I am also very concerned over the effect this legislation could have on families, the foundational building blocks of a free society. The inclusion of gender expression and penalties for the repression of non-cisgender behaviour creates risks for families that could result in bad outcomes for children.

It is not hard to imagine a young boy who wants to go to school dressed in female clothes. Many parents would force their child to wear what they believe are gender-appropriate clothes, and I believe in the majority of those cases the parents are doing it out of a genuine care and concern for the well-being of their child. When that child goes to school, perhaps he will tell the teacher that he believes he is of another gender and that his parents refuse to let him wear female clothing. If the practice of conversion therapy, as poorly defined by the government, is made a criminal offence, teachers would probably have little choice but to report the parents to children's services for allegations of emotional abuse. The ramifications of this outcome would be highly damaging to the welfare of children, families and society. The definition of conversion therapy must be clarified, and the rights of well-meaning parents who are caring for their children must be protected.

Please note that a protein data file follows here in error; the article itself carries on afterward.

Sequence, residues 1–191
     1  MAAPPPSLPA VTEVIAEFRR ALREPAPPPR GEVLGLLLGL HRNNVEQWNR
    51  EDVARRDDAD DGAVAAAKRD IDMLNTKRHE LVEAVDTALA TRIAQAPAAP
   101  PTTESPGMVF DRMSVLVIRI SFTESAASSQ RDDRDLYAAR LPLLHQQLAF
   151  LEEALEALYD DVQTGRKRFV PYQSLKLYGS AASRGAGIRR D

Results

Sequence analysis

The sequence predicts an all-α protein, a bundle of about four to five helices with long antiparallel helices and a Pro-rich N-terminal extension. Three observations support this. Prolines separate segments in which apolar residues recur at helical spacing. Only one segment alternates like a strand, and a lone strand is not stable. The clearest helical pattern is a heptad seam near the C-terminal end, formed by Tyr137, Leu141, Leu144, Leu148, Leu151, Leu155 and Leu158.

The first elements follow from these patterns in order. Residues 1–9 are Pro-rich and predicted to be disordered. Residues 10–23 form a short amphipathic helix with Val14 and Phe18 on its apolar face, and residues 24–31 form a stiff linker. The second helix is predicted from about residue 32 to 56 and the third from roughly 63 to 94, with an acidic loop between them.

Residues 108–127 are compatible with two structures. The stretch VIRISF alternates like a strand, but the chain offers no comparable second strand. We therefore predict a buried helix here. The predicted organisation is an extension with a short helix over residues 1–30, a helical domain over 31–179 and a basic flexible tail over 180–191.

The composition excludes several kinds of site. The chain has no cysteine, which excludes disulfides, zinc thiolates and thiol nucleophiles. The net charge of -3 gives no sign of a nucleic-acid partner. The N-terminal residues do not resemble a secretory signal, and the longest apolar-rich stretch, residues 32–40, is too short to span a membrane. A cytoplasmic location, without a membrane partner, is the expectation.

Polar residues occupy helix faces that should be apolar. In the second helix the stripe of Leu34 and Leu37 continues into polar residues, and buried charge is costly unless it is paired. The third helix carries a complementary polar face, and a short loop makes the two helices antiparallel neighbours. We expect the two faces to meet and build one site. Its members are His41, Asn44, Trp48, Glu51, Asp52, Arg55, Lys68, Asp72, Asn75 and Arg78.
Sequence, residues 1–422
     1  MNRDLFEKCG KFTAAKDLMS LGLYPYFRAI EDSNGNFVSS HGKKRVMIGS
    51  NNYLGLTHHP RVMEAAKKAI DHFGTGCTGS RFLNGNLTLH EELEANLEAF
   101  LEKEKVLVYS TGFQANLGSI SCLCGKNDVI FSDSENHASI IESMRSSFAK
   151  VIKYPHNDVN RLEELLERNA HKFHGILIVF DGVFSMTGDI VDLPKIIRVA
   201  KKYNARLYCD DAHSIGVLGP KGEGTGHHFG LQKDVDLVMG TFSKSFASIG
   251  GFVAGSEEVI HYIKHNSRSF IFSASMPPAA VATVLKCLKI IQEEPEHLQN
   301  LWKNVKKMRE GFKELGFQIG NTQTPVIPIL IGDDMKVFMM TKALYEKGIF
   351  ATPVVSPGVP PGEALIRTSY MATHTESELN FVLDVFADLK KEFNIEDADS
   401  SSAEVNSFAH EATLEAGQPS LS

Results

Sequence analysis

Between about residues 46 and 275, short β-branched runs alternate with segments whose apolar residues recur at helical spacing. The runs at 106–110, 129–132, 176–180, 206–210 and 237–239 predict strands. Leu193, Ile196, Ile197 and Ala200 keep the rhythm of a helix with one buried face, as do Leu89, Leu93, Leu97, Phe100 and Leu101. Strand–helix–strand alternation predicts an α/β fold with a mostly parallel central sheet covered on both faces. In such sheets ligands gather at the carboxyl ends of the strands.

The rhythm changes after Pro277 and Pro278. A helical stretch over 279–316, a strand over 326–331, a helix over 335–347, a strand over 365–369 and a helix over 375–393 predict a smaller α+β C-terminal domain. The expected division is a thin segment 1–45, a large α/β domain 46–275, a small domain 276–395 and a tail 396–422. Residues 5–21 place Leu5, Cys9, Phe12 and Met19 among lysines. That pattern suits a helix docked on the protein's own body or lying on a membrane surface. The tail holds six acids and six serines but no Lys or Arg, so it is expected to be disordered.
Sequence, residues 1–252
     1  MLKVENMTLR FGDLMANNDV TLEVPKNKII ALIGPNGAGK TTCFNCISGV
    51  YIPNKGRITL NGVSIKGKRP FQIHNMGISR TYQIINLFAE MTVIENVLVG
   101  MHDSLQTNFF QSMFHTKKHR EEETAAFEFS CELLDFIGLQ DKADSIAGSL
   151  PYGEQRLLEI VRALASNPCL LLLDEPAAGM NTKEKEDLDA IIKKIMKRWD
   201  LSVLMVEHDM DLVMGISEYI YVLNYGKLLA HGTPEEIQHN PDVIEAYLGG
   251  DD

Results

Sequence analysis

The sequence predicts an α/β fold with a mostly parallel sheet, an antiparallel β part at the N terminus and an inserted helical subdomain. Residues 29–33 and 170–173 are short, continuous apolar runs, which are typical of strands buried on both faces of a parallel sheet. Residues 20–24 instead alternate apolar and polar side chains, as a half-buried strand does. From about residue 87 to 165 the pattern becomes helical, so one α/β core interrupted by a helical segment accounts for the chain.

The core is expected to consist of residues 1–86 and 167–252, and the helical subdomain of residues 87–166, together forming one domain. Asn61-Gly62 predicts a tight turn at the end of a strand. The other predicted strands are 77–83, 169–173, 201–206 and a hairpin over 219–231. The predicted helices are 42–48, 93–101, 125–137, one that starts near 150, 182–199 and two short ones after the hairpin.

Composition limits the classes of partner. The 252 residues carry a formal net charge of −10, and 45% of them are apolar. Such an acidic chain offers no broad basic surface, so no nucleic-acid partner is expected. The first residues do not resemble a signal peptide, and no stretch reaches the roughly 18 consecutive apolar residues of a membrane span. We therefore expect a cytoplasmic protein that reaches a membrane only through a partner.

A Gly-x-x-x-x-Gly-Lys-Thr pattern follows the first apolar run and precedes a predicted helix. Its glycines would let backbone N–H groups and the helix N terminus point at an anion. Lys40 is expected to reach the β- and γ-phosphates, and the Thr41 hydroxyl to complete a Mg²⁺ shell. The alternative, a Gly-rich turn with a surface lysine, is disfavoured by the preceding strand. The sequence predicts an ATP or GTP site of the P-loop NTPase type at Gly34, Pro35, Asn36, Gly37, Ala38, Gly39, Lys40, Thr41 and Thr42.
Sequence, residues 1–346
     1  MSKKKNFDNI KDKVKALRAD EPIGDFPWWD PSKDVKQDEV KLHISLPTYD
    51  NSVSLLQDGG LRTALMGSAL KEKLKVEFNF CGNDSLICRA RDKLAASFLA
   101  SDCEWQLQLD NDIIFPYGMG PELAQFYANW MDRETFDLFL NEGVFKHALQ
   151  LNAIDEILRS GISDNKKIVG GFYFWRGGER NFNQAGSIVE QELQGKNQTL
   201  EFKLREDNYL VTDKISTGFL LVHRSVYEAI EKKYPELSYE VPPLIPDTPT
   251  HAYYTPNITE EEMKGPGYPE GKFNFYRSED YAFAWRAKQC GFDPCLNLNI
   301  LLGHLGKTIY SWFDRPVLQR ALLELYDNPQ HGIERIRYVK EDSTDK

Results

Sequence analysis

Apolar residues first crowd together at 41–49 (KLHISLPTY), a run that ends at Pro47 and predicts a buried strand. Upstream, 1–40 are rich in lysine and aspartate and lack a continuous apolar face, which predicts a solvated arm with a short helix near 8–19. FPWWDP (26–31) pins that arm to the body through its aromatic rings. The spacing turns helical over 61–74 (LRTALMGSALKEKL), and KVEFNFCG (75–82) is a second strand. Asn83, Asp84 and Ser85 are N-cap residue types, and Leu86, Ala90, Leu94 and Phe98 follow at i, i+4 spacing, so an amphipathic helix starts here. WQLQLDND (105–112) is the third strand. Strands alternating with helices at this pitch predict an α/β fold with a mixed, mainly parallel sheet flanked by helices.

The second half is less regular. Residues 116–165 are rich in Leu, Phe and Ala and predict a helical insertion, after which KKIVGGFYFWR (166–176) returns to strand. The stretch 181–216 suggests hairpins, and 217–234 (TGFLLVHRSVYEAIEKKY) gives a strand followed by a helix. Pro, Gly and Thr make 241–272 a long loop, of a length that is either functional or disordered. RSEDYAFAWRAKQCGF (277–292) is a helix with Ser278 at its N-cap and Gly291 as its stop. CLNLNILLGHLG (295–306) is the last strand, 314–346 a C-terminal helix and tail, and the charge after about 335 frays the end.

One result of this legislation is that it could lead to an infringement on the rights of LGBTQ+ Canadians to seek out services they may genuinely wish to access. In my exploration of this topic, I spoke with members of the LGBTQ+ community who, for religious or personal reasons, felt they did not want to engage in certain activities.

In some cases, members of these communities may have been struggling with issues of sex addiction or sexual practices that could lead to serious physical, emotional or spiritual consequences. Under this legislation, it would not necessarily be illegal to offer services that would be covered under the definition of “conversion therapy” to consenting adults. However, it would be very difficult for LGBTQ+ adults to find or access these services considering the effect of this legislation, which is essentially to make these services impossible to advertise and, by extension, to access in Canada.